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poetry Asylum

An antidote to anti-immigrant sentiment, Seattle poet Jed Myers generously welcomes newcomers to this nation of immigrants, offering empathy and greeting from our ancestors: "what we’ve secured/only a few breaths before..."


By Jed Myers

I’ll offer you passage toward asylum
through the canals of my ears—please come
now, straight from the radio station.
I don’t know who you’ll find here
who speaks your language. But already
my grandmother calls to you in her Yiddish
as she chops beets for our borscht.
Your face, gritty in front page ink—
I think you could hide if you had to
in any odd shadow. But quick—
under these mom-and-pop storefront awnings
my eyelids. Please, come back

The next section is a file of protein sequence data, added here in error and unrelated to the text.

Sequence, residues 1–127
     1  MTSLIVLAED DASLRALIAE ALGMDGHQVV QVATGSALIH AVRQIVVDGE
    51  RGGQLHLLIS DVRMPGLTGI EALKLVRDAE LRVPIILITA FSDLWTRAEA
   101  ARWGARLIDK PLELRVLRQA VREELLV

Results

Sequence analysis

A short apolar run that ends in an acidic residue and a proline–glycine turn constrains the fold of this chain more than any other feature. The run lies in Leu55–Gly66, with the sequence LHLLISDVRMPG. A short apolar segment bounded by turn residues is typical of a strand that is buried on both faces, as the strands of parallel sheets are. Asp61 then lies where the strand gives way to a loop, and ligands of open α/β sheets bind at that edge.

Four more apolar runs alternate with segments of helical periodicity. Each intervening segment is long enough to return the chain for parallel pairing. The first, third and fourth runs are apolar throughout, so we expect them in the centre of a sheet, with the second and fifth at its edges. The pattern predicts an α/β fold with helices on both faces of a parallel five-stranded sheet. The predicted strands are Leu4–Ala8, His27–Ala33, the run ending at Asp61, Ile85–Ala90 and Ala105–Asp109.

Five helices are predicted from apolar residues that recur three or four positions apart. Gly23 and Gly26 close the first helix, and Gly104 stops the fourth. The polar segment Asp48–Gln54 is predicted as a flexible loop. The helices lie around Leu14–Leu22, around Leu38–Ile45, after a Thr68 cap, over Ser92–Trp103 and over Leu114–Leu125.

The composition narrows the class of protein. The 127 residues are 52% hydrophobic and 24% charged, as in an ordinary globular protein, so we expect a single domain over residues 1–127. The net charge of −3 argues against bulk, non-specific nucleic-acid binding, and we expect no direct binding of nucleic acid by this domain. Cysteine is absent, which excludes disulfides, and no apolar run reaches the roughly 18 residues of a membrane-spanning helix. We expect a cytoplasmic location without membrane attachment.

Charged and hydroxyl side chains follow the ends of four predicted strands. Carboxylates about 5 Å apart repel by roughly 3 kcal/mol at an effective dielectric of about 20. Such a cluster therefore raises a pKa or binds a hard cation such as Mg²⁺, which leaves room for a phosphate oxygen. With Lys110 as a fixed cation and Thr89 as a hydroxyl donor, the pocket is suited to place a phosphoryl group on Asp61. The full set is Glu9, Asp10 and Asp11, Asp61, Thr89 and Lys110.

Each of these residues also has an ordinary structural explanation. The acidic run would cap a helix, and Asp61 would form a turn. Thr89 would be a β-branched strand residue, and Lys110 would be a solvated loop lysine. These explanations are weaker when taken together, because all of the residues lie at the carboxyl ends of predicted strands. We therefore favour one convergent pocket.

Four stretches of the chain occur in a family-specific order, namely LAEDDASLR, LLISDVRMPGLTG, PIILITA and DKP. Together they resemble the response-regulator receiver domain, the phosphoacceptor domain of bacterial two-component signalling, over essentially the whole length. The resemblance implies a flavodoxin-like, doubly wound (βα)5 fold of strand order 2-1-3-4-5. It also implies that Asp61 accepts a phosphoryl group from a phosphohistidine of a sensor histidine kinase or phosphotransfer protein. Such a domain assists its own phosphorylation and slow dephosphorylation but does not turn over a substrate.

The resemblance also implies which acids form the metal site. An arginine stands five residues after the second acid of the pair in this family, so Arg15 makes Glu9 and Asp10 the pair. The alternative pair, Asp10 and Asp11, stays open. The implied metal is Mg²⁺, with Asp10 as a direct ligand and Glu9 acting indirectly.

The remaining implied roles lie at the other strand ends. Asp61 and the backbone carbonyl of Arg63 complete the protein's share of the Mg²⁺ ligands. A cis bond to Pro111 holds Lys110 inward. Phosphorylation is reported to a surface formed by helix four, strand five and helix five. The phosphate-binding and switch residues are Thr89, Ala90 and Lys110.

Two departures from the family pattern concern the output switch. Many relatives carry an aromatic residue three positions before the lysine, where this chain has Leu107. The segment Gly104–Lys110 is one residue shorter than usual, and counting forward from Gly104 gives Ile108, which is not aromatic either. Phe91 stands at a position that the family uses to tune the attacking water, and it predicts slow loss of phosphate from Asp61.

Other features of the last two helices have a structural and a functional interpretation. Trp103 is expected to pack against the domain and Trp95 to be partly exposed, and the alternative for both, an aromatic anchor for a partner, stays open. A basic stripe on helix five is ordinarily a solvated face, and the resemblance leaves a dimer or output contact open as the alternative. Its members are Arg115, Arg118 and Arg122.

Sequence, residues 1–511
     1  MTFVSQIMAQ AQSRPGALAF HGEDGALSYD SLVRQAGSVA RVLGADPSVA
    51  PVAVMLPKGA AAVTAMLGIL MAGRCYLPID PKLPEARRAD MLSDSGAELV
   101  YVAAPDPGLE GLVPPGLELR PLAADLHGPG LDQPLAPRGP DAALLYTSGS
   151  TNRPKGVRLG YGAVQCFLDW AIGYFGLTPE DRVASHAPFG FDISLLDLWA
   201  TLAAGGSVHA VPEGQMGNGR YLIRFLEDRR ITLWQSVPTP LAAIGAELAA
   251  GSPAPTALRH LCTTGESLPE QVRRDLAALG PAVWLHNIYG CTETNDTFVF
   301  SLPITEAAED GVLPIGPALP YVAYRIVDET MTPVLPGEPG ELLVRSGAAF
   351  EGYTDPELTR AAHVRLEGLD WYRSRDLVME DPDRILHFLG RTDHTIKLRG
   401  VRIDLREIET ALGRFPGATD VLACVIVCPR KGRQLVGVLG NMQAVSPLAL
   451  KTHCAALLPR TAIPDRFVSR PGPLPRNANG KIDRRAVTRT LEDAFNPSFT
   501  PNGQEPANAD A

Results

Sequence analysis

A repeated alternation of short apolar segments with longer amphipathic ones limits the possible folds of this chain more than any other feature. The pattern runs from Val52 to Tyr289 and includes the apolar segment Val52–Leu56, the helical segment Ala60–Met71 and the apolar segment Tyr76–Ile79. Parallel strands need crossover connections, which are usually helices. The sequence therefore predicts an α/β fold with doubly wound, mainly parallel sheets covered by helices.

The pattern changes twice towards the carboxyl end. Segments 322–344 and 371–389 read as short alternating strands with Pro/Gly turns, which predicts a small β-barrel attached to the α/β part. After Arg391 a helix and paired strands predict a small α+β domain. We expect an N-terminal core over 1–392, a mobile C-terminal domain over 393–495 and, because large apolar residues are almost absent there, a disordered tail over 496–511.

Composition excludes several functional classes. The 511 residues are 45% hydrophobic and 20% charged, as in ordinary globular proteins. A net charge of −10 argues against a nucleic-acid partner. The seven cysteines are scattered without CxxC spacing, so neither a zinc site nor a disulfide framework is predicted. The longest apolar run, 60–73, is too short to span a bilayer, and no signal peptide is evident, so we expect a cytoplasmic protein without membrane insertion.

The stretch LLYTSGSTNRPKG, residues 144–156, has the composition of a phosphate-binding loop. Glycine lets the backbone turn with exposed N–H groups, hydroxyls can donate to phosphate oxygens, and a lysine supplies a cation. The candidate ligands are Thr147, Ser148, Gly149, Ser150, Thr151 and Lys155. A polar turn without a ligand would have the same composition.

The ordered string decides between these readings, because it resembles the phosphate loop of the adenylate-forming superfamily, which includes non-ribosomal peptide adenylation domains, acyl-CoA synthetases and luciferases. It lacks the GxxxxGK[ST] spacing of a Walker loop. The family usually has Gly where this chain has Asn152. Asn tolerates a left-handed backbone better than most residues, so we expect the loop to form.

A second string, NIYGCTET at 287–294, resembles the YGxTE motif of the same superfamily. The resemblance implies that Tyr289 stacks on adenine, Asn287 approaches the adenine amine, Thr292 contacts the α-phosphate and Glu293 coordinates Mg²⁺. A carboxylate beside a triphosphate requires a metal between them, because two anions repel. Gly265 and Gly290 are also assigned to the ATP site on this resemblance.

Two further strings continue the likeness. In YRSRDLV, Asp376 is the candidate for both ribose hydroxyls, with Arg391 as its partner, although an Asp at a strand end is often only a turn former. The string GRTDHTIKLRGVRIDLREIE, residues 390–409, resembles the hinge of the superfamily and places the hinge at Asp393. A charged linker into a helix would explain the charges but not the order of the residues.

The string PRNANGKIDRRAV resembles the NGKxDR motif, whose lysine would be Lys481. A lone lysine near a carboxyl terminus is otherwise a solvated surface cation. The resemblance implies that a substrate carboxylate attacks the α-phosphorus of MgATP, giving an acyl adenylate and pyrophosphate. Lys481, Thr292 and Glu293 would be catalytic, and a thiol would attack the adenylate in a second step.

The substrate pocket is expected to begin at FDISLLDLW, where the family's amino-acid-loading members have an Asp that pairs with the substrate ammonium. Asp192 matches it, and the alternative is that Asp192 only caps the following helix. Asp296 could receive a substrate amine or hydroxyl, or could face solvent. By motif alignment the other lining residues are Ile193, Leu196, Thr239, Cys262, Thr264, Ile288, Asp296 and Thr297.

behind the shop, where we live—yes,
the kitchen. The future ferments
here in our memories’ brine. We’ve pressed
fine slices of reddened smoked fish,
gift of the parted seas, upon bread
fresh-risen on the yeasts of the West.
And let us eat by the candles we’ve dipped
in the wax of our histories’ hives, our stories
a weave, the wool of our sheep
on our shoulders. Too many have died—
there are all kinds of sudden fire,
and all the sparks one fear—the other comes
seeking asylum, what we’ve secured
only a few breaths before, and what
shall we offer? Here, my grandfather’s chair,
and the shawl he brought across the water.

Jed Myers lives in Seattle where he’s a psychiatrist with a therapy practice. He began to seek publication of his poems as of the events of 9/11/01. His collections include Watching the Perseids (Sacramento Poetry Center Book Award) and the chapbook The Nameless (Finishing Line Press). He’s received Southern Indiana Review’s Editors’ Award among other honors. His poems have appeared or are forthcoming in Prairie Schooner, Nimrod, Crab Orchard Review, Harpur Palate, Summerset Review, Atlanta Review, Common Ground Review, and elsewhere.

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